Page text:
Aurora theater shooting suspect James Holmes was wearing so much protective gear when police first saw him on the night of the attack that first responders thought he was a SWAT member, police testified today.
First responders told the court how they apprehended Holmes, who faces now the death penalty for killing 12 and injuring 70 others in the 2012 attack. Holmes has entered a plea of not guilty by reason of insanity, and his attorneys have admitted in court that Holmes was the one responsible for the attack but believe he was not sane at the time.
Here is several officers' descriptions of the moments when they apprehended Holmes.
Where They Found Holmes
Two of the responding officers who were the first on the scene, Jason Oviatt and Jason Sweeney, testified in court today. The first 911 calls from the theater came in to dispatch at 12:39 a.m. and police officers arrived on scene at 12:40 a.m.
Oviatt said that he saw Holmes as soon as they pulled up to the theater because he was standing by a white car by the emergency exit of theater nine, where the shooting had happened.
"There was a person standing on the opposite side of the car dressed in a black tactical helmet and a gas mask. On first glance, he looked like another cop to me," said Aurora police officer Jason Oviatt.
As Oviatt approached, he began to realize that the gear Holmes was wearing was not police-issued tactical gear, and when he was about 20 feet away, Oviatt began to get a sense of his demeanor which tipped him off.
"The person was relaxed. That said to me he wasn’t an officer," Oviatt said. "I knew that he had to be involved in the shooting."
Oviatt said that as he approached Holmes, he "pointed my gun at him."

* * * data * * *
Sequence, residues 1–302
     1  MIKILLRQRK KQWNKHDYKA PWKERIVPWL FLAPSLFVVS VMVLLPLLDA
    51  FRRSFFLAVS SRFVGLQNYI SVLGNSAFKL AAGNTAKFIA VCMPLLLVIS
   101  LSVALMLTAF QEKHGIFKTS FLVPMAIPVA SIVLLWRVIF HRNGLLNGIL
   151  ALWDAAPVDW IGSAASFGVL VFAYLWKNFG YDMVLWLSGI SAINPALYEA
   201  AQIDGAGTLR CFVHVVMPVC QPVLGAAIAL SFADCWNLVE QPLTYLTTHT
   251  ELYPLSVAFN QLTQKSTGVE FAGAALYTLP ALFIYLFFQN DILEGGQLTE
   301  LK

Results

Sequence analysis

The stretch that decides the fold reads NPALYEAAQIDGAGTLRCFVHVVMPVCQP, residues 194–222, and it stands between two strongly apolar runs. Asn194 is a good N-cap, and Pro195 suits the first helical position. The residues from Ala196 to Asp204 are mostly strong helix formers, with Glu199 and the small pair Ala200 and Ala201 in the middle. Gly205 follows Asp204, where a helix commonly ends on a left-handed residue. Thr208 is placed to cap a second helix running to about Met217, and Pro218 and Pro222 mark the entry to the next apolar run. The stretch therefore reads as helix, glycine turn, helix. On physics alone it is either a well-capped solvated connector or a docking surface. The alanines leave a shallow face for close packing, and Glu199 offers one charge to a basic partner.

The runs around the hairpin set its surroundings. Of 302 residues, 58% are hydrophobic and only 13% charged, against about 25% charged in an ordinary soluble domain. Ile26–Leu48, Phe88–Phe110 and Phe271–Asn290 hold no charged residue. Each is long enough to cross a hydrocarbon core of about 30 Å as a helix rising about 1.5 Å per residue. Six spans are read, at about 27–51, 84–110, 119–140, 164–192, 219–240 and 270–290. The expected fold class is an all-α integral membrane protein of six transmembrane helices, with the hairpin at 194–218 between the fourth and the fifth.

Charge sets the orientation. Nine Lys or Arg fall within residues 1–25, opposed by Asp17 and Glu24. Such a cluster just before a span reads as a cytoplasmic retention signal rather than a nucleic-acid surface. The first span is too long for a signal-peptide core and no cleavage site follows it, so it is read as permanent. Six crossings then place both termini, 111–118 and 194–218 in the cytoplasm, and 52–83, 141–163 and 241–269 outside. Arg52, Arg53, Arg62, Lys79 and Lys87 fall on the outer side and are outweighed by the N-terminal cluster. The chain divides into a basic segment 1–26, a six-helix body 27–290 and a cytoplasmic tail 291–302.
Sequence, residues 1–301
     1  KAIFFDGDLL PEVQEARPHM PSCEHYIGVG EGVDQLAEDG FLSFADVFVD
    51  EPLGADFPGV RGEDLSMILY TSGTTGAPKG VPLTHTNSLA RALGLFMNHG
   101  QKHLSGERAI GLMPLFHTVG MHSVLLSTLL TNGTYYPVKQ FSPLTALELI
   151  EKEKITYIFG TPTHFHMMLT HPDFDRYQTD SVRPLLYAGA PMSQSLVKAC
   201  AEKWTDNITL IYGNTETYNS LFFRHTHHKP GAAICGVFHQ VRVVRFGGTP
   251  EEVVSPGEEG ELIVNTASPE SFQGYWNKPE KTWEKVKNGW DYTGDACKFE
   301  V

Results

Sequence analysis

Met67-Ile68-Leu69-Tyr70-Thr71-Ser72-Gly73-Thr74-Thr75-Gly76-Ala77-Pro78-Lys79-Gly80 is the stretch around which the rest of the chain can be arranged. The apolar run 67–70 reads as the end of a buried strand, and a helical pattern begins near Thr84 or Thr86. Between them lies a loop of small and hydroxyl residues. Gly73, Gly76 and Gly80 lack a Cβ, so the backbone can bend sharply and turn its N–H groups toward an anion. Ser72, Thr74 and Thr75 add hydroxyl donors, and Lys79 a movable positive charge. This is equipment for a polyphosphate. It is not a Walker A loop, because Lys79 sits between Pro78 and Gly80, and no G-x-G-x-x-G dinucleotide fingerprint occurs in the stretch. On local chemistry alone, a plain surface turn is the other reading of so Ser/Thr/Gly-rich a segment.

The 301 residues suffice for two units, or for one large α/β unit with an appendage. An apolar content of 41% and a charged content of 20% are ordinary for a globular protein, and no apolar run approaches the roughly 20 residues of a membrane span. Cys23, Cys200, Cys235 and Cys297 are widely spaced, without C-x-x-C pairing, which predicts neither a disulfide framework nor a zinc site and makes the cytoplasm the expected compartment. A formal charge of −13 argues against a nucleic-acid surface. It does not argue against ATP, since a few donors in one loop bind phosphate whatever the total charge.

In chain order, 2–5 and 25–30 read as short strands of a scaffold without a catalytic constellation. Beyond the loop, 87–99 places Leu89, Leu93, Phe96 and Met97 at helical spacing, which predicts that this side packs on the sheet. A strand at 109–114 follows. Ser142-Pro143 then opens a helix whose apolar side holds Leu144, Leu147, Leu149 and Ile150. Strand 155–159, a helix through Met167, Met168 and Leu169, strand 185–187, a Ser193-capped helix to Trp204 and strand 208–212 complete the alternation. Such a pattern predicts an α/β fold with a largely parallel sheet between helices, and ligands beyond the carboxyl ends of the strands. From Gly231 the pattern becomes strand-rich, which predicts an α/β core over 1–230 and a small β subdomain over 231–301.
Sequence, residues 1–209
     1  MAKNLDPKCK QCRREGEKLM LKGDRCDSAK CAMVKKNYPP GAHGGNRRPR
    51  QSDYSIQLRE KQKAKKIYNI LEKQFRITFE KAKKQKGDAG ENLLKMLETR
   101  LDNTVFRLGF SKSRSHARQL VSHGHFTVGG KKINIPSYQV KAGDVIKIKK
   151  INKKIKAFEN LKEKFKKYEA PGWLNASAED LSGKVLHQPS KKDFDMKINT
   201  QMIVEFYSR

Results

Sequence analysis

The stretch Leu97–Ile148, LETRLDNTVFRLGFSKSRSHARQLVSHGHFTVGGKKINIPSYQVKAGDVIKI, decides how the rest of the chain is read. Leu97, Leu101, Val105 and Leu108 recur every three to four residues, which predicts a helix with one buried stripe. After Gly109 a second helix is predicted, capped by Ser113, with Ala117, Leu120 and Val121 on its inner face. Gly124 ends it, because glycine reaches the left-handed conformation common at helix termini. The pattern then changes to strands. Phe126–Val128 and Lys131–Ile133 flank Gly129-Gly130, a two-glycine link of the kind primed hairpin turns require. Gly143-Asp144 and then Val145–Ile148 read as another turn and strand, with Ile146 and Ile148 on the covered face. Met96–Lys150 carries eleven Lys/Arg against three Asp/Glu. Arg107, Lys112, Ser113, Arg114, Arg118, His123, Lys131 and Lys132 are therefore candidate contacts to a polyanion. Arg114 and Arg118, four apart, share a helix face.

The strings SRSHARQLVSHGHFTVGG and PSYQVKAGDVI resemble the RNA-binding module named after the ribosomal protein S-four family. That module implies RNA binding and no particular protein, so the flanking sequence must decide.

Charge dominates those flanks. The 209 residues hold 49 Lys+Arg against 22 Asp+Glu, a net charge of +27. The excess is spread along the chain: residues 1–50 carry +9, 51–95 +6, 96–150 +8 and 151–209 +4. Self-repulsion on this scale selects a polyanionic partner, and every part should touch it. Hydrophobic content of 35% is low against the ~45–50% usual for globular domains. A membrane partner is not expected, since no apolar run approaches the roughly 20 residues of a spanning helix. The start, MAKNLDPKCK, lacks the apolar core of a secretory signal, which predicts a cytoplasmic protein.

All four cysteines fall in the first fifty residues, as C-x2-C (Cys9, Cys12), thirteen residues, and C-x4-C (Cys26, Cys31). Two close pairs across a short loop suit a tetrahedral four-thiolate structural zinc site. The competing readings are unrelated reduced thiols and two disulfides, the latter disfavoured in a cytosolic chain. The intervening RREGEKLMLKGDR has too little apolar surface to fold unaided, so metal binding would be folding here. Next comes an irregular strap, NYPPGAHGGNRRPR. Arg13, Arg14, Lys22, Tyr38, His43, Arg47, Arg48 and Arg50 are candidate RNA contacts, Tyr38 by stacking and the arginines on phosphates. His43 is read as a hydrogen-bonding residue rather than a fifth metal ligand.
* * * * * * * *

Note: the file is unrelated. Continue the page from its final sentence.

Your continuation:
As Oviatt held Holmes at gunpoint, Officer Jason Sweeney told the court that he cleared the vehicle and ordered the suspect on the ground when he saw a plastic clamshell rifle case.
What Did Holmes First Say To Officers
Sweeney ordered Holmes to the ground and "he had his head up he was looking where we were taking him," Sweeney said in court.
When they patted Holmes down through his layers of tactical gear, they found "a couple" of pocket knives and a handgun, Sweeney said.
Sweeney was the one to ask him if he was alone and Holmes responded: "It's just me."
Dismantling Holmes' Gear
Oviatt and Sweeney then dragged Holmes away from his car and towards a nearby dumpster where they began taking off the layers of tactical gear that he was wearing.
"I made him kneel down on the ground and then cut his coat off," Oviatt said in court. "There was too much material in the coat, I was cutting with a razor but every cut I made there was more to get through it took too long."
"I left him in his underwear and a torn t-shirt," he said.
Taking Him to the Police Station
The officers then put him in the back of a patrol car and strapped him in.
"He was moving around quite a bit, not sitting still, appeared to be looking all around," Sgt. Stephen Redfearn told the court.
"The suspect appeared to be trying to look at what was on my computer," Redfearn said.
Holmes has been in court since the trial started on Monday, sitting quietly and relatively expressionless throughout.